Between the pandemic and raising a child with exceptionalities, Alyssa Marion’s journey to Convocation has taken more than a few detours.
But on Friday, Oct. 15, she will reach her destination — graduating from Brock’s Bachelor of Early Childhood Education (BECE) program.
Marion, who has been in the early childhood education (ECE) field for eight years, came to Brock in 2018 to build on her ECE diploma and open more opportunities for her career.
“I just didn’t feel like my diploma was going to be sufficient anymore with the developments in the field and what they’re requiring in terms of professional development,” she said.
Not long after her Brock start, Marion took time off from the program to welcome her son into the world in the summer of 2019. When he was three months old, Marion’s ECE experience helped her to recognize her son was experiencing developmental delays.
“I had noticed there were things that children do in their normal progression of development that he just wasn’t doing,” she said.
A health scare later revealed her son was born with a medical issue that has caused delays in every developmental domain.
Marion’s courses at Brock, including one focused entirely on exceptionalities and others that covered topics such as language delays or different ways to accommodate children with exceptionalities during playtime, helped her to better support her son, she said.
“With what I’ve learned, I’ve also been able to add helpful items into his toys and books and different things like that, that I would not have known about from Googling and doing quick research.”
When Marion returned to Brock in fall 2020, she had to balance her son’s frequent specialist appointments with assignments and online classes.
“I’ve had to rearrange meetings. I’ve had to miss classes because his appointments come up,” said Marion. “I can’t move specialist appointments with his neurologist.”
The Brock community was key to Marion’s success. Faculty and staff worked with Marion, helping her to catch up, giving her extensions when necessary and supporting her when her responsibilities seemed overwhelming.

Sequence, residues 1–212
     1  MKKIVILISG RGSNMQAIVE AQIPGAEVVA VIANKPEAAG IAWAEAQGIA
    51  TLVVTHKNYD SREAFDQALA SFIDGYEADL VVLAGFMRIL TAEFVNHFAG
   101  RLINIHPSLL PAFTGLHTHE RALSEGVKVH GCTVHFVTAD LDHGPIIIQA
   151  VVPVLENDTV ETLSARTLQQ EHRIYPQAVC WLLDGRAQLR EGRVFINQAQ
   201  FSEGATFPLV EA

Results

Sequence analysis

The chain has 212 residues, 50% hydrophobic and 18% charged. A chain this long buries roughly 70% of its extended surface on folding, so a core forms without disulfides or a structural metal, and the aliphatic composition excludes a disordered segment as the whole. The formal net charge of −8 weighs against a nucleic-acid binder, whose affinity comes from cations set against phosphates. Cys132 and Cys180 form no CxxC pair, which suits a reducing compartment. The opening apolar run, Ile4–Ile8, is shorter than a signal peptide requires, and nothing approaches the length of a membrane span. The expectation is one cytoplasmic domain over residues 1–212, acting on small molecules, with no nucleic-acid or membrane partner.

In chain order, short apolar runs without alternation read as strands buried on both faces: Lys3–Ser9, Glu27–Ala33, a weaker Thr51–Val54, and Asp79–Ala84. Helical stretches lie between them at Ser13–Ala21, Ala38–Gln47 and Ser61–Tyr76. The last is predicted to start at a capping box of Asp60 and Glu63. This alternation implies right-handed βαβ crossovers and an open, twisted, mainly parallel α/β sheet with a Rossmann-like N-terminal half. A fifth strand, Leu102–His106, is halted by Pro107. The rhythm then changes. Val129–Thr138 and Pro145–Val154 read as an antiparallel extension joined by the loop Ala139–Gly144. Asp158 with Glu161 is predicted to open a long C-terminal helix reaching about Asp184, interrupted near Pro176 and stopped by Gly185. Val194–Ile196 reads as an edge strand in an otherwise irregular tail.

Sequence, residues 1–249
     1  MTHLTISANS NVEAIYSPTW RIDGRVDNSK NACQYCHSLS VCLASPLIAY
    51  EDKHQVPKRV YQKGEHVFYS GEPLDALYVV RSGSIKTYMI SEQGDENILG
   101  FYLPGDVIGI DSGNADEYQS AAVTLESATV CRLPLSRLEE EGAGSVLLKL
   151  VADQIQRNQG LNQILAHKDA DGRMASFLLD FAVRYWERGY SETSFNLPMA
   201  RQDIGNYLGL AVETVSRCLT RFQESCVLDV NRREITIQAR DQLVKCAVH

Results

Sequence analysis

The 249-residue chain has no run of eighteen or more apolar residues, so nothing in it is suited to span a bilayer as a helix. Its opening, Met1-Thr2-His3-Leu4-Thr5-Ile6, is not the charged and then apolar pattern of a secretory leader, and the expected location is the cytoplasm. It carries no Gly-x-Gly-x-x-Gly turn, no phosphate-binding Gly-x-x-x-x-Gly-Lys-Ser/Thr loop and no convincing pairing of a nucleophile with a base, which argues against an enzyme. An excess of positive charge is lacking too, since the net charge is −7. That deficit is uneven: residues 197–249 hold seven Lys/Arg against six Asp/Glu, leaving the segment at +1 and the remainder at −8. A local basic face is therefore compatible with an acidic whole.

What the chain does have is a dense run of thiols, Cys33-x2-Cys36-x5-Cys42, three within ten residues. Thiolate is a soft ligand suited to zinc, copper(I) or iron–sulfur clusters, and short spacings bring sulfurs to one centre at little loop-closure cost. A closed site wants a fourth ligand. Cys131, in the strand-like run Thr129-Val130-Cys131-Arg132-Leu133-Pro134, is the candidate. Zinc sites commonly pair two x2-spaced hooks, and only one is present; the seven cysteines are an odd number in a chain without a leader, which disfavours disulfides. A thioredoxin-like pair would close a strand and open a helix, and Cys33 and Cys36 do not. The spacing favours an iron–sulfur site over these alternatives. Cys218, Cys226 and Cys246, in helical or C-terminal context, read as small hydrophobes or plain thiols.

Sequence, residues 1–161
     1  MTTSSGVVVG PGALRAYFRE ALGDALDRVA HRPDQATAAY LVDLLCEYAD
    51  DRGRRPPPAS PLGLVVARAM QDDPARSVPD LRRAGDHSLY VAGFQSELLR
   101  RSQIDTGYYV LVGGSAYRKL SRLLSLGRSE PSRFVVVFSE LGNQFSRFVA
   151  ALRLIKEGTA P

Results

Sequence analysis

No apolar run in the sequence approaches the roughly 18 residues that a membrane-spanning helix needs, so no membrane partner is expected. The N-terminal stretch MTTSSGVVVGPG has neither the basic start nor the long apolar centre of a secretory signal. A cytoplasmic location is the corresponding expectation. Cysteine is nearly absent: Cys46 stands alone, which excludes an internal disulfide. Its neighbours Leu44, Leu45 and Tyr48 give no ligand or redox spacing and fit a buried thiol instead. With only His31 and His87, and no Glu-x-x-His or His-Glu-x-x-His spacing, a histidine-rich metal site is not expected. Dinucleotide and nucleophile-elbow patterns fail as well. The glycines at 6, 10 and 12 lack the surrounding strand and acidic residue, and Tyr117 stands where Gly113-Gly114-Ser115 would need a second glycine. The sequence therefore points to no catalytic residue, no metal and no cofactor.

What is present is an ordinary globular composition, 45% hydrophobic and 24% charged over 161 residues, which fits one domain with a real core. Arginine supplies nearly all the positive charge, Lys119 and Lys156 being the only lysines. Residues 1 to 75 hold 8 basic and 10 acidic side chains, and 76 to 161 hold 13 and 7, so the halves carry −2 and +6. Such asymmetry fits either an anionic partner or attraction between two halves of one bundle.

Even though her own schedule was full, Marion gave back to the community by running the Brock BECE Student Association during her fourth year, assisting with orientation and mentoring new students.
Reflecting on her time at Brock so far, Marion is proudest of completing her thesis while home with a toddler during the second wave of the COVID-19 pandemic. She often found herself trying to write during naptimes or struggling to switch between speaking French, her first language, all day with her son while trying to work in English.
Her experience as an ECE professional and as a student during COVID-19 inspired her to focus her thesis research on educator burnout.
“I can only imagine what people are feeling in the field with all of these new COVID-19 protocols and different class structures,” Marion said, adding the rate of burnout among ECE workers is generally high without factoring in additional pressures created by the pandemic.
She plans to build on her undergraduate thesis research while completing a Master of Education at Brock so that she can teach future early childhood educators. Her goal is to create a mental health and wellness resource for ECE professionals.
“I really want educators to have some kind of tool kit or workshop that helps them to develop tools to better take care of themselves, so that they can take better care of children.”